MD Anderson’s Institutional Review Board approved the study and waived the requirement for informed consent. Protected health information was initially collected, but names and medical record numbers were replaced with study numbers in the analytical file and were not published nor part of the aggregate data. Procedure and treatment dates were retained for analysis.
Information was retained on a password-protected network server. Protocol-specific study numbers were created for each study participant, and collected data were maintained in a secure password-protected database located on a departmental network server housed behind MD Anderson’s firewall. Complete confidentiality was maintained throughout the study and the preparation and submission of the manuscript.
Patient demographics and clinical characteristics were described and analyzed using means and medians for continuous variables and percentages for categorical variables.
Baseline variables were summarized as means with standard deviations or as frequencies with percentages. Rates of overall survival (calculated from the time of FB) at 3, 28 and 180 days were analyzed using the Kaplan-Meier method (10).
Binary outcomes were modeled by mixed effect logistic regression with relation to each continuous or discrete covariate, with a subject block to control for repeated measures. Continuous outcomes were modeled by mixed-effect linear regression with relation to each continuous or discrete covariate. Where appropriate, these linear models were replaced with generalized additive mixed-effect models with penalized splines accommodating nonlinear relations between the outcome and continuous covariates. Model-adjusted differences in outcomes among levels of discrete covariates were estimated with Tukey-adjusted contrasts.
Statistical analyses were performed using R statistical software (11). All statistical tests were two-sided, with alpha=.05. Survival modeling was performed using the “survival” package (12, 13). Differences among discrete variable levels of covariates in the linear and logistic models were estimated using the “emmeans” package; this analysis included adjusted means weighted proportionally to the covariate marginal frequencies. Catseye plots were produced using the “catseyes” package (14–16).
Patient demographics are summarized in Table 1. FB characteristics are summarized in Table 2. During the 16-year study period, 198 pediatric cancer patients underwent a total of 264 fiberoptic FBs (range, 1-6 FBs per patient). The mean patient age at the time of FB was 15.5 ± 5.2 years (range: 1.6-21.0 years). The most common indication for FB was BAL, in 196 (99.0%) patients.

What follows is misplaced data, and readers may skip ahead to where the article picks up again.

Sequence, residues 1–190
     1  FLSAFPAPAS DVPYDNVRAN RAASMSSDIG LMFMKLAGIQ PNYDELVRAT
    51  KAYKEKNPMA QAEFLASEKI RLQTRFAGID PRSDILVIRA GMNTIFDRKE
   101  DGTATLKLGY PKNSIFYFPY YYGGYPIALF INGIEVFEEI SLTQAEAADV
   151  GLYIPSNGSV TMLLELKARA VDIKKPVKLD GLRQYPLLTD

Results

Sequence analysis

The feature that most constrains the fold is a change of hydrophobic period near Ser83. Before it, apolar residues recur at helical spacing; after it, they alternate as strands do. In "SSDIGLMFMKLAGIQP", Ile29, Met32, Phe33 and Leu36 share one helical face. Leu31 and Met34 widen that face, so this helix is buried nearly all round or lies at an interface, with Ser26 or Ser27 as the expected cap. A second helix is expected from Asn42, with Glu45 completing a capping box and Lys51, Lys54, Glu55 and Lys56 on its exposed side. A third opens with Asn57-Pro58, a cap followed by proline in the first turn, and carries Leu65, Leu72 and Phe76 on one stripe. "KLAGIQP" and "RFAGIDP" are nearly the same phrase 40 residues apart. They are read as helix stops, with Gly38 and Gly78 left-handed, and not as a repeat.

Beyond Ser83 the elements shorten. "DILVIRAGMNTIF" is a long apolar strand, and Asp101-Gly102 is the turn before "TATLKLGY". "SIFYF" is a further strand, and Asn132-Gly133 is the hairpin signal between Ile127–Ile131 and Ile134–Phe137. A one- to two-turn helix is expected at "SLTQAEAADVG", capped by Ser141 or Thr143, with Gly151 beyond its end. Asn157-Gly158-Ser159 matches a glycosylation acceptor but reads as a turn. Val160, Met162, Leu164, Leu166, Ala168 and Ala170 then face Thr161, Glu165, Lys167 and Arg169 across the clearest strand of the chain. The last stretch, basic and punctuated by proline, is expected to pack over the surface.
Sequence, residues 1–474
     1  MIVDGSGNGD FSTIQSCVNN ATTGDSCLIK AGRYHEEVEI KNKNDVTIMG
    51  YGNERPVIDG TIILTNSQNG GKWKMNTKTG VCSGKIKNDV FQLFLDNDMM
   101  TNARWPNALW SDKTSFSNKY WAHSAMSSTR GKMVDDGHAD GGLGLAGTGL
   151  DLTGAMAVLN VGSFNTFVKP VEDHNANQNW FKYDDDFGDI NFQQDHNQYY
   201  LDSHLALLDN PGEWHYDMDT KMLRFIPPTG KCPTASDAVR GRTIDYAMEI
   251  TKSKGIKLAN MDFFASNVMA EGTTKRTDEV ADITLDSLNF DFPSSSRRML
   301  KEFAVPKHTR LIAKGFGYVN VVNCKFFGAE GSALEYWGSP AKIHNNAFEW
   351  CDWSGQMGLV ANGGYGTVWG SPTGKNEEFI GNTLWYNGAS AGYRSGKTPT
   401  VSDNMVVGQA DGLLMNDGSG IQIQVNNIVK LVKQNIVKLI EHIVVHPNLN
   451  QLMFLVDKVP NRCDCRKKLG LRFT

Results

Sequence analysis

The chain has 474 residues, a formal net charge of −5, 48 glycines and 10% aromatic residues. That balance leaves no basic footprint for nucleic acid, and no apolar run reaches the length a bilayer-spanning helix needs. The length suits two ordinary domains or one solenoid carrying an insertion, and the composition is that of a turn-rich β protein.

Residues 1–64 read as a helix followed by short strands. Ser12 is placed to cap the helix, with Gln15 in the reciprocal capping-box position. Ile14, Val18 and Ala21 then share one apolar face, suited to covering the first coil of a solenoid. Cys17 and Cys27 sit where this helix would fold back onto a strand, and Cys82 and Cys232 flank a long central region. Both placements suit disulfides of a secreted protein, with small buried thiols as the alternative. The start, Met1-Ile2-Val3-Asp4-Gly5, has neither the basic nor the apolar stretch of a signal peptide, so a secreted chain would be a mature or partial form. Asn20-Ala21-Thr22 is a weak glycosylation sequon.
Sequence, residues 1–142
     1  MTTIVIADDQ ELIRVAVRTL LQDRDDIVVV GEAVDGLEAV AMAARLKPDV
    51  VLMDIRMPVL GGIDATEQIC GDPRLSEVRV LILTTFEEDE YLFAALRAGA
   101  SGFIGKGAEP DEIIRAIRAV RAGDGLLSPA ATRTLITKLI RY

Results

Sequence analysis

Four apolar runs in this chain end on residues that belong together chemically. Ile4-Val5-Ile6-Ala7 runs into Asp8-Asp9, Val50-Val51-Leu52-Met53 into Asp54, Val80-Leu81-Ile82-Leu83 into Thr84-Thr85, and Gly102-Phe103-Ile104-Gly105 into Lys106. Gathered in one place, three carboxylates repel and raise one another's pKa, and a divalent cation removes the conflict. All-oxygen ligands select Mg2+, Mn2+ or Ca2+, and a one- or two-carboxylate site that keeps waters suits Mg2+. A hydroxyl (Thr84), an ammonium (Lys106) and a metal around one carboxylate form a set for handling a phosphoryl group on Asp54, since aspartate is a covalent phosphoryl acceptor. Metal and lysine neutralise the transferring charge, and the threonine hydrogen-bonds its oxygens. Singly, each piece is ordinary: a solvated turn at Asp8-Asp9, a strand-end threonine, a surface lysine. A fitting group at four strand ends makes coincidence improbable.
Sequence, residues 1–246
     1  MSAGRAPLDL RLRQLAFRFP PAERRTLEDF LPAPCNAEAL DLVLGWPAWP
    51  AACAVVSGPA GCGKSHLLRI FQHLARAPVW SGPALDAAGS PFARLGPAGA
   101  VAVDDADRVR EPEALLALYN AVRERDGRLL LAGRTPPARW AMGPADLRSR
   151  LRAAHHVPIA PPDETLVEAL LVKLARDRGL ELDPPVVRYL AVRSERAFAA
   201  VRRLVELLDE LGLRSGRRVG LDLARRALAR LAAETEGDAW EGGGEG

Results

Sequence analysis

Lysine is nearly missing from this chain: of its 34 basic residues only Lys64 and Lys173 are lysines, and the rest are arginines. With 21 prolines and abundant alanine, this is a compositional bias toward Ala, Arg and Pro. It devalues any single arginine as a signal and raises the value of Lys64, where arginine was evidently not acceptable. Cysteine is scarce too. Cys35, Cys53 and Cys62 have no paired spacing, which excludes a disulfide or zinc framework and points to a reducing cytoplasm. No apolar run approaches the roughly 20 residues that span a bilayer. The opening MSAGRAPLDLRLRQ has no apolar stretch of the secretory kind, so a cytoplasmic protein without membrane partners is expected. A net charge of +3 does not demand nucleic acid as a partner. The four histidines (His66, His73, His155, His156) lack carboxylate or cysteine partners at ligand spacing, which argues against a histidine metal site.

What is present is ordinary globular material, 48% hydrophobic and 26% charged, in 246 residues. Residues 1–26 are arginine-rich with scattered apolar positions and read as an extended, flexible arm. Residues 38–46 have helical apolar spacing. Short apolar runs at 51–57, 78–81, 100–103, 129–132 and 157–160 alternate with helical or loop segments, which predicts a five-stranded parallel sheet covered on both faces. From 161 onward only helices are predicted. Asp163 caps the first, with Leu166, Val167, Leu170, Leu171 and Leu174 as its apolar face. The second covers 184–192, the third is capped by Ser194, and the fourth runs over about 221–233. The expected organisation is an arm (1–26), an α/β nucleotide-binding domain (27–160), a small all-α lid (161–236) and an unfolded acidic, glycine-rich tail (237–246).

The most common underlying oncologic diagnoses were acute lymphoblastic leukemia in 61 (30.8%) patients, acute myelogenous leukemia in 54 (27.3%) patients, and Hodgkin lymphoma in 30 (15.2%) patients. Of the 198 patients included in the study, 75 (37.9%) underwent at least one HSCT.
At least one empiric antimicrobial treatment was initiated before FB in 233 (88.3%) cases. Ninety-five (36.0%) FBs were performed in patients who had acute respiratory failure and were on mechanical ventilation. Thirty-eight (14.4%) FBs were performed in patients who had acute respiratory failure and were on invasive mechanical ventilation with a positive end-expiratory pressure (PEEP) ≥10 cmH20 and a fraction of inspired oxygen (FiO2) ≥0.5.
FB-related complications occurred in 26 (9.8%) cases. In 10 (3.8%) cases, FB-related complications occurred in patients who had acute respiratory failure and were on invasive mechanical ventilation; in 4 (1.5%) cases, the patients had complications while receiving ventilation with a PEEP ≥ 10 cmH20 and a FiO2 ≥ 0.5. Major complications including hypoxia, tachycardia, hypotension and altered mental status occurred in 10 patients (3.8%). Minor complications included transient hypoxia and/or bronchospasm, bleeding and other occurred in 16 patients (6%) (Table 3). The most common major complication was hypoxia in 6 cases (2.3%), requiring ICU admission for non-invasive or invasive mechanical ventilation, with one (0.4%) patient requiring hospital transfer for inhaled nitric oxide. The most common minor complication was self limited bleeding in 5 (1.9%) cases with one patient (0.4%) requiring instillation of epinephrine. No associated mortality occurred as a result of FB.
Clinical data are summarized in Table 4. These are categorized as respiratory function, which details mean ventilator settings and mean PaO2/FiO2 ratio, and bone marrow function, which details mean results of Complete Blood Count (CBC) with differential laboratory data